Autism advocate Debbie Denenburg very kindly wrote this article for my blog. I think you’ll enjoy it…
My autistic mind darts. I compare it to an old time pinball machine where there are bells, lights and flippers. When my mind has been overactive for too long it goes TILT. No activity. It simply stops functioning. I can’t think.
This is why focusing is so important to autistics. We call them special interests. Others call them obsessions. The point is that they provide relief from frenzied mental activity. As autistics we are sense based beings. Like animals we tend to tune in to everything in our environments – all at once. We can’t help responding to sudden sounds, flickering lights, overbearing scents. These things are personal invasions. We can’t control our reactions to them. This puts us in a vulnerable position. There has to be an outlet of some sort. That’s where focus comes in. And focus comes from intently concentrating on one thing.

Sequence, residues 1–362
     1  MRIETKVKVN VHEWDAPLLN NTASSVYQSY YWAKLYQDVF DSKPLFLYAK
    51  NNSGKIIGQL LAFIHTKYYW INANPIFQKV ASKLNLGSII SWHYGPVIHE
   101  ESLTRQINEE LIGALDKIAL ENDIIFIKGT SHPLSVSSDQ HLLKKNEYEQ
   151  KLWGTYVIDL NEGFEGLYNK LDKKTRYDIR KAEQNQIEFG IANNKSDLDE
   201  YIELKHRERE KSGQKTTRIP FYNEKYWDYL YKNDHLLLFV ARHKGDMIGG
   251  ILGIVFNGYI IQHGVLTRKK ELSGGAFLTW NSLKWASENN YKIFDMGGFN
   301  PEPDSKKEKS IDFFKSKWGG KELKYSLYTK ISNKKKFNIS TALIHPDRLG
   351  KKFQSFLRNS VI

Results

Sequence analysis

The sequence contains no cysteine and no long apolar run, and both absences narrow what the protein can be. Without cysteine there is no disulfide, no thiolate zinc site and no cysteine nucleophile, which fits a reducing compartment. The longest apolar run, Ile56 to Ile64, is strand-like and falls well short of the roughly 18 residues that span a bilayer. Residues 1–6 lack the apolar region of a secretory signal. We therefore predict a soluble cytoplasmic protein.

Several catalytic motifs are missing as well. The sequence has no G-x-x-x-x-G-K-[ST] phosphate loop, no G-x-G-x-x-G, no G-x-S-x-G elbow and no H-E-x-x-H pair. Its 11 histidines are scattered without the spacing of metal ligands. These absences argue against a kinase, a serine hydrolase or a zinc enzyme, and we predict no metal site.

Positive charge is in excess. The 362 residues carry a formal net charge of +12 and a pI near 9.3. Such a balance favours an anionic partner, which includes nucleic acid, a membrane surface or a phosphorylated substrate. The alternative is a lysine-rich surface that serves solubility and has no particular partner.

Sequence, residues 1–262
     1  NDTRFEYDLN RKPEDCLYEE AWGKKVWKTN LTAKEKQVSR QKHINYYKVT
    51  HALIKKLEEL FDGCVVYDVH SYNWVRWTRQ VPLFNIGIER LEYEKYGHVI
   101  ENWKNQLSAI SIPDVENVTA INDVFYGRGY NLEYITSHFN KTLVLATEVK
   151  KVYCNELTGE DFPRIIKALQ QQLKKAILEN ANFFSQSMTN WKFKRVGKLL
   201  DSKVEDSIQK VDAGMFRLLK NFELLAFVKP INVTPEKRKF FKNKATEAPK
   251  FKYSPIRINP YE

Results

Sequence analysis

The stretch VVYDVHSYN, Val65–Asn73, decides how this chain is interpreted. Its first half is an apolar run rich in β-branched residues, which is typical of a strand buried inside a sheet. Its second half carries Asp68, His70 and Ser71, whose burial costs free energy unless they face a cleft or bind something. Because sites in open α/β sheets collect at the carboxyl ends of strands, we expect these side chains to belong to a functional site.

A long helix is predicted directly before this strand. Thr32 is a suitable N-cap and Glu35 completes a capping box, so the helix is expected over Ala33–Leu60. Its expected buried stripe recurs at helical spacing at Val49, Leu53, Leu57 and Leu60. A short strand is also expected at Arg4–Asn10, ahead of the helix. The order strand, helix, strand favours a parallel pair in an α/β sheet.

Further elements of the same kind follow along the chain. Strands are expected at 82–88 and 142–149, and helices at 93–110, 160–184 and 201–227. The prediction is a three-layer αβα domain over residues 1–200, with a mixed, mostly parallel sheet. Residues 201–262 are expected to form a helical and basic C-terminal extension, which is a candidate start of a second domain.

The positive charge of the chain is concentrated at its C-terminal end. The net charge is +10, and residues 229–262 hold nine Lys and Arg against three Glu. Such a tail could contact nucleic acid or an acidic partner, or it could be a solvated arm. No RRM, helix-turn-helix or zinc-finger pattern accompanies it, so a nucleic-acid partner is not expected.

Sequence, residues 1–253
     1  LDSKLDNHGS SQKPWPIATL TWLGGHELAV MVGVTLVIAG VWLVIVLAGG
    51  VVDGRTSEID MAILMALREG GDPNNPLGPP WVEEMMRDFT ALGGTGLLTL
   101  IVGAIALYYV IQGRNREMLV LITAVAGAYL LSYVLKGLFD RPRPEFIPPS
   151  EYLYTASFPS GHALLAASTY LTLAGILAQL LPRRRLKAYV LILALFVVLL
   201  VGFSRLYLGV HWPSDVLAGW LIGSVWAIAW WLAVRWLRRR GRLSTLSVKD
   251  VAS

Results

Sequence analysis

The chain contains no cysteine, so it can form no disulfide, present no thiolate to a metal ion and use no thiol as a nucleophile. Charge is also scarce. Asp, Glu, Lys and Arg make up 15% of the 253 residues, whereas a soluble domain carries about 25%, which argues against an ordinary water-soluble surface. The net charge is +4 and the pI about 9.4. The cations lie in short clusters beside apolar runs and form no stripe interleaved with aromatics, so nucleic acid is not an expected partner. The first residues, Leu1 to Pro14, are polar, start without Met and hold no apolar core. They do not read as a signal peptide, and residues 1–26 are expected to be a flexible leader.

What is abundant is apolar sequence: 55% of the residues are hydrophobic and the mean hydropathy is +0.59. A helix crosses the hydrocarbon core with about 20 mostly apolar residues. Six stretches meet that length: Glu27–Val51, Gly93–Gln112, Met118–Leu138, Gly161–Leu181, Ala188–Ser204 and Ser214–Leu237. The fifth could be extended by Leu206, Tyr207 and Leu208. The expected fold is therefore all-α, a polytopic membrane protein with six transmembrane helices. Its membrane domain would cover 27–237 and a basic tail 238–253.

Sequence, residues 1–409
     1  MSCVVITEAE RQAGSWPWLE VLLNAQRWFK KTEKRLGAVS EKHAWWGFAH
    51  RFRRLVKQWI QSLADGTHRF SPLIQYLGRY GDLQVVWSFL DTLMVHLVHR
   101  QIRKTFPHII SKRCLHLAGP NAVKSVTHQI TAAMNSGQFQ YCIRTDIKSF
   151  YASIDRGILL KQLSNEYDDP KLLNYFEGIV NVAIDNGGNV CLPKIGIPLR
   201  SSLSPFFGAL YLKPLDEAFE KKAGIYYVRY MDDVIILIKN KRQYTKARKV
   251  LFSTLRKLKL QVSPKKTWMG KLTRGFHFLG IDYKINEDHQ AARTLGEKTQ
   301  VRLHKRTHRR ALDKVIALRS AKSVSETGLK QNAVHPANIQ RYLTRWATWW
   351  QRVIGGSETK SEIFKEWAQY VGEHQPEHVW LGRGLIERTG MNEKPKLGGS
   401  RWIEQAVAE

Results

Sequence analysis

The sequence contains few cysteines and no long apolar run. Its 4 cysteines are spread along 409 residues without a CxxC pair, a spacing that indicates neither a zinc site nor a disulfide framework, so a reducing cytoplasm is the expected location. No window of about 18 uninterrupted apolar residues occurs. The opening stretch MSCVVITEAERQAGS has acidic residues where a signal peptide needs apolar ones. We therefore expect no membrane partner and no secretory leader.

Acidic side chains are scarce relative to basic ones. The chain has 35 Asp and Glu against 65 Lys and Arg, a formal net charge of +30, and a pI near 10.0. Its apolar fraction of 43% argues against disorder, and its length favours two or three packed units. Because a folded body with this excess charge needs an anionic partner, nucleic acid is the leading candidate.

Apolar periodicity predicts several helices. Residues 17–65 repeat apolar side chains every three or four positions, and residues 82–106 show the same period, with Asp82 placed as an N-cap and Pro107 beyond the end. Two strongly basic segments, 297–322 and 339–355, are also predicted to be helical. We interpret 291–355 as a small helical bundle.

Personally I have a number of artistic projects in the works. These are my “go to” outlets. I think most people would look at them and think I’m insane. But for me they represent a safe place where something is familiar and controllable.
One of those projects is gluing beads. It sounds ridiculously simple. It isn’t. I take thousands of tiny seed beads and other small craft pieces and glue them onto bottles or pieces of wood. They require my complete attention. Some of these projects take hours, some days and some go on for years. After working on them for a while I feel relaxed.
One thought on “Stabilizing the autistic mind”
Thank you for sharing your story with us. This helps me understand my autistic son that bit better